It’s been a real struggle keeping up with everything lately. If you’re one of our readers who likes to download the pdf of the Newsletter, my apologies to you. It’s one of the jobs I usually do first thing on Friday morning after the Newsletter has been sent out, but time has just run away with me lately and it hasn’t been done. I will catch up on all of them today, hopefully.

Well, it’s been hot recently, hasn’t it? I know that I’ve been out and about giving a few demos, and they always seem to fall on the really hot days. Which means I’ve had to change my demo accordingly because of the heat, and I had a question come in this week wondering about the effect of the temperature on finishes, and particularly waxes.

So, I thought I’d do a little feature about how our finished react to the extremes of weather we have had recently…

As I mentioned above, I’ve had to change the order in which I normally do my demos; this is because when most club demos start it’s still been very hot, which can play havoc with finishes. Like most liquids, sealers, lacquers, and polishes become less viscose/more fluid when they get hot. I can just about remember something from my schooldays about the molecules being able to spread out more, making the liquid runnier. This means that it will be very easy to dispense more than intended, which can lead to putting too much of the product onto the timber. I always say that thin coats of product always give the best results when finishing, so this could be a problem. Thinner products also dry quicker, and combining this with a warm environment will also lead to difficulties. Many of our finishes are quick drying to begin with; add these factors into the equation, and it can become almost impossible to get an even coating onto the wood.

Friction Polish can be especially susceptible to this, as it can dry on the surface of the wood before it has chance to buff up whilst the lathe is running.
Obviously, waxes melt when they get hot—think of a candle. Paste waxes have a solvent in them to make the wax softer, which means they will melt even quicker and can turn to liquid. You’ll know if this has happened when you pick a tin up—you’ll hear it sloshing around inside.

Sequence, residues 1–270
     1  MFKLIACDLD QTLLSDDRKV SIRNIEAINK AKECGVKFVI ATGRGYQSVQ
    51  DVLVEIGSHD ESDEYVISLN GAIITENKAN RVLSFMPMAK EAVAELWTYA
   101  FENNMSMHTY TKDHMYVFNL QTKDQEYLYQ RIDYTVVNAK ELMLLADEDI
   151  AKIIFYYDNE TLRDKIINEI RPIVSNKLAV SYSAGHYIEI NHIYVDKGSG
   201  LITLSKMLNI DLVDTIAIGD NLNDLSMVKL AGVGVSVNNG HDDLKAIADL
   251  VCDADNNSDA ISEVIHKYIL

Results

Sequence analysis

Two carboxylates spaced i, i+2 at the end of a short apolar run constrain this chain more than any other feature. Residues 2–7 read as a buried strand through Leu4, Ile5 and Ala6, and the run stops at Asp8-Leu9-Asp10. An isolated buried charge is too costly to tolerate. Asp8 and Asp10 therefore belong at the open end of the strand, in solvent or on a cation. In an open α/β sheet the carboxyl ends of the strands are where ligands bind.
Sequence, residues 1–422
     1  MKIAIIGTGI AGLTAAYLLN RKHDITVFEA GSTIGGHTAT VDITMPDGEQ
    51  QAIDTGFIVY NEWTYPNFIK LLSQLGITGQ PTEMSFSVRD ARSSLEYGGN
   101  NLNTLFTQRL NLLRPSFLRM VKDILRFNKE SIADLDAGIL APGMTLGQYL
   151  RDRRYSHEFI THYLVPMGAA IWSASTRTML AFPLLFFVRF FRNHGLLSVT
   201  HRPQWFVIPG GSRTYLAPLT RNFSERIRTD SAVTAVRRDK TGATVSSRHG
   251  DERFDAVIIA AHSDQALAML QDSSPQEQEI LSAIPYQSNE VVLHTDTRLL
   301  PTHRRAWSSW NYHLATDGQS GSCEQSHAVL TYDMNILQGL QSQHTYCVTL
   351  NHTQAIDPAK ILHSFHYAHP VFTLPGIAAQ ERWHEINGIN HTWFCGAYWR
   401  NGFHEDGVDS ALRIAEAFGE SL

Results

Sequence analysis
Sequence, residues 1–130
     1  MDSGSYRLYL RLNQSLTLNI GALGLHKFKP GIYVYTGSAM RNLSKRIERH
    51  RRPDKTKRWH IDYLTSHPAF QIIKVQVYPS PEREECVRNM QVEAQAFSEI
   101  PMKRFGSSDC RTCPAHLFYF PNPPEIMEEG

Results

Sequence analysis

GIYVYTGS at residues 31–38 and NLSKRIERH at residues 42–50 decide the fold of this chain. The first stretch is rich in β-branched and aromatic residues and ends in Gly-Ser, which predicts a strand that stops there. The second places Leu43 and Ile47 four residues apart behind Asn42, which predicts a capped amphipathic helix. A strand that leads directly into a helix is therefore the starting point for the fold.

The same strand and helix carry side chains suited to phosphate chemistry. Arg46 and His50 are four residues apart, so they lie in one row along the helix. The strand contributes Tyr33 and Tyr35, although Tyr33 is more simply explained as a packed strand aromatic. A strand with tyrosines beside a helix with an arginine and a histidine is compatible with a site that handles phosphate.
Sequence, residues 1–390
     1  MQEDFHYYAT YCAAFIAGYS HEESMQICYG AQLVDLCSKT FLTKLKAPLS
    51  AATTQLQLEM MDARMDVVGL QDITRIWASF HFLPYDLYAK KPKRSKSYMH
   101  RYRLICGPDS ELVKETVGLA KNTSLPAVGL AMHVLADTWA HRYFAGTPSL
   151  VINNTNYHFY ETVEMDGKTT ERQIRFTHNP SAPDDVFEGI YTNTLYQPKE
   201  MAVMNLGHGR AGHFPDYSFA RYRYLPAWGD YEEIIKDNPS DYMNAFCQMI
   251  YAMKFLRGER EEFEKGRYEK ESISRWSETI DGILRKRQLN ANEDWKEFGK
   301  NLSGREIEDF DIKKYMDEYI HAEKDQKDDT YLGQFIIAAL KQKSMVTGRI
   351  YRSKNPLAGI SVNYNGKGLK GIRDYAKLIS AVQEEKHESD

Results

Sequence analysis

This doesn’t mean it’s curtains for the wax; leave the lid on—because if you open it and spill it, it’s a nightmare to get spilt wax off of anything! — and put it in a cool place to set. Keeping the lid on also stops the solvent from escaping, and once the wax has cooled down it will return to its normal state.

If it’s a wax like Cut’n’Polish, you can carefully remove the lid and give it a gentle stir, to make sure the abrasive is distributed evenly. This isn’t normally required, though, as it’s very light and unlikely to sink to the bottom of the can.

If you’ve been fortunate enough (or maybe unfortunate?!) to attend one of my demos, you’ll know that I say how important it is not to touch the surface of the bare wood with your hand. This is because any natural greases and oils on your fingers could be transferred onto the wood, and this can cause problems for a coating to properly adhere to it. This will usually show up as white ‘fingerprints’ in the finish, a sure sign of poor adhesion.
If you do find yourself having an issue with this (let’s say someone else handled the wood before you got to it), the best solution is to wipe the surface down with surgical spirit. It’s great at removing the oils you don’t want to be there.

One last point to consider about the accelerated drying times of some of the products, mostly the aerosols. In hot weather, the spray will dry quicker. This could mean that it’s dry before it reaches the intended surface, and if this happens, it probably won’t stick to the surface properly. It might hold on, somehow, but even a light contact could cause it to just brush away like dust. Even if it does manage to adhere, it might not flow out as it should, leading to a surface that’s rough to the touch. If you must spray on a hot day, hold the can just a bit closer than normal, taking care not to flood the surface.

As a general rule of thumb, I always say that if the workshop is a comfortable temperature for you to work in, your finishes will be happy too. If not, do what I do at demos, and wait until it has cooled down a bit before using them.

I’ll see you again next week, have fun till then